Teachers rely on a myriad of classroom products to support teaching and learning. The goal of using them is to improve student achievement. In my book, The Equity Expression: Six Entry Points for Nonnegotiable Academic Success, I explore the ways educators can keep equity at the forefront of their work. This includes when selecting and using products in the classroom.
I believe classroom products should do three things:
- Help students learn
- Show you how students learn
- Give you information about what students know that helps you with lesson planning
Are your products serving you—and your students—well?
Take a few moments to list all the products you’re using this school year. Your list can include curricula, textbooks, novels, manipulative tools, software, assessments, electronic devices, and more. How many items are on your list?
The average teacher relies on six products to support students’ learning. The more products you have, the more overwhelming it can feel to incorporate them equitably, especially when you want to make the products relevant for every student. Sometimes a lack of purpose and intent with products will leave you data-rich and information-poor.
Have any of these statements ever resonated with you?
- I have too many products and supplemental tools.
- I have a lot of products, but I don’t know how to prioritize using them.
- Even though I strive to use products in a way that best supports students, I don’t know if I’m missing something.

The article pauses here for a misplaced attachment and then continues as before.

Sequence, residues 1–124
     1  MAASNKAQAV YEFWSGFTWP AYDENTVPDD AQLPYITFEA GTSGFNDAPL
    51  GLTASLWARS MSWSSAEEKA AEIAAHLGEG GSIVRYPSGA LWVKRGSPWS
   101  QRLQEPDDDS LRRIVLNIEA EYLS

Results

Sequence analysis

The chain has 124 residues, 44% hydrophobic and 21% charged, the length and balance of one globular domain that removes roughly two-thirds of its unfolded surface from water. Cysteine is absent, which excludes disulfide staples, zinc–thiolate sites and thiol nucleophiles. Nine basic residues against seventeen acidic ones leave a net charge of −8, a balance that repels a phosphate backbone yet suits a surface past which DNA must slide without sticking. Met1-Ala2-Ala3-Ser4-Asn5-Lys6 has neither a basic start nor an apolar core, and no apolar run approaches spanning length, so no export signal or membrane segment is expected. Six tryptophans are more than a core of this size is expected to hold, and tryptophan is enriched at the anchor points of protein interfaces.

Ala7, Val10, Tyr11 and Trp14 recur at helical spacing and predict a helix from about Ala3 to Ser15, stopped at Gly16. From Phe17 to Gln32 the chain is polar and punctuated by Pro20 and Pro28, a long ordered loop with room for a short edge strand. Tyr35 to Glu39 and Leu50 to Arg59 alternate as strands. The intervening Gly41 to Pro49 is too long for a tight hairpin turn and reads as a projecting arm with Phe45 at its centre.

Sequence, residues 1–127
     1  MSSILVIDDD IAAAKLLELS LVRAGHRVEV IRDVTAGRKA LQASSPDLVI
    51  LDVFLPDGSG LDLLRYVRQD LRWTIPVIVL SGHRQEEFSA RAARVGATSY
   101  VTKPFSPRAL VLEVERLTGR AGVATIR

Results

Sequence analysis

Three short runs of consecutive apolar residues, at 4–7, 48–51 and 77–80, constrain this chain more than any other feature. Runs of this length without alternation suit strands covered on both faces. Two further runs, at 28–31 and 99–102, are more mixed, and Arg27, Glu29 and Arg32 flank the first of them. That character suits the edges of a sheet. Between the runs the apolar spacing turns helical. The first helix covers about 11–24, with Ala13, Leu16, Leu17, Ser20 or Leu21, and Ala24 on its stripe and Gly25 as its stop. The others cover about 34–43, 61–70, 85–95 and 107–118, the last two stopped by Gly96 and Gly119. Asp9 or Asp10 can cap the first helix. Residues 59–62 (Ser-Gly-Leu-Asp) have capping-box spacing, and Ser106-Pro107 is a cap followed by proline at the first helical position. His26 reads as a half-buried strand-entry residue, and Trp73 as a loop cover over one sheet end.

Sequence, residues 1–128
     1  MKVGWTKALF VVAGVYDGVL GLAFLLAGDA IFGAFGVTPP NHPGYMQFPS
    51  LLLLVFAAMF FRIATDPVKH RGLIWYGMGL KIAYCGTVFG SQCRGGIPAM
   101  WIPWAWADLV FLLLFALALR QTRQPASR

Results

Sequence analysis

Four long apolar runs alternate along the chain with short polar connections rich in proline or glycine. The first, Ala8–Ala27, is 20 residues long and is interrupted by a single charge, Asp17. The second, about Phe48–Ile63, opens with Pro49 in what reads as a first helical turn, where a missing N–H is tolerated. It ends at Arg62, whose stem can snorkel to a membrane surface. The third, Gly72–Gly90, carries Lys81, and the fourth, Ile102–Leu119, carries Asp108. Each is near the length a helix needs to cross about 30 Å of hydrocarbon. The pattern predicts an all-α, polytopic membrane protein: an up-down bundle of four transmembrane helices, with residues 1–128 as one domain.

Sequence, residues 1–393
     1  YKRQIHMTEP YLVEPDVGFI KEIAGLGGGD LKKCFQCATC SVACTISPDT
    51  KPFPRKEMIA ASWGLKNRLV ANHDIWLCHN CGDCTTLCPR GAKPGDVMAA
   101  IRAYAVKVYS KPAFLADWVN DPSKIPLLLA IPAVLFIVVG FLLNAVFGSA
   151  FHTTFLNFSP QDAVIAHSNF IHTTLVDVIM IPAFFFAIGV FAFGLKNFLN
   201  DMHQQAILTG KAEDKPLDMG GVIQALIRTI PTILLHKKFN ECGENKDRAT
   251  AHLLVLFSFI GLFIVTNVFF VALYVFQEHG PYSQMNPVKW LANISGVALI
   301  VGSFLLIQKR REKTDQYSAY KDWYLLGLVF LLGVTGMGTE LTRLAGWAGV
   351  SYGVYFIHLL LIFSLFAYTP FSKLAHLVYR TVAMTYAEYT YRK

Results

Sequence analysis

How to evaluate a classroom product
The key to success with the products you use is to have a strong purpose and clear intention. Use the questions below to help you establish your purpose and intent for each product you’ll use with learners this year:
- What does this product reveal about student learning?
- How do I set learning goals with students as they use this product?
- What kind of information does this product give me about my students?
- How intellectually engaging is this product?
The last question is critical, especially because one way we enact equity is by ensuring that all students have access to high-quality, intellectually challenging, appropriate products to support their learning. Low-quality and intellectually mismatched products convey the message that learners aren’t capable of more.
Our young people are adept at knowing if products are student-centered and appropriately challenging to them. We should aim for products that empower every learner, meet students where they are, and guide them toward higher academic standards.
You can further assess your classroom products through a lens of CARING:
- Connection: In what ways does the product support me in connecting students’ home and school experiences?
- Accessibility: Is the product accessible to all learners? Is it age and grade-level appropriate?
- Representation: Do my learners see themselves in the product?
- Instruction: How might I adjust my teaching and learning to complement any references in the product, particularly cultural connections?
- Narrative: What is the dominant narrative or norm implied in this product? Is this product designed from a dominant cultural perspective that assesses for privilege or language, rather than content?
- Growth: What are my students being asked to learn? How do they show what they know? How does a learner know if they’re successful with the product? How does the product help learners grow?
In my book, The Equity Expression: Six Entry Points for Nonnegotiable Academic Success, I explore the ways educators can keep equity at the forefront of their work. The chapter focused on products can help you further understand why products need to reflect the ideas and experiences that learners will recognize.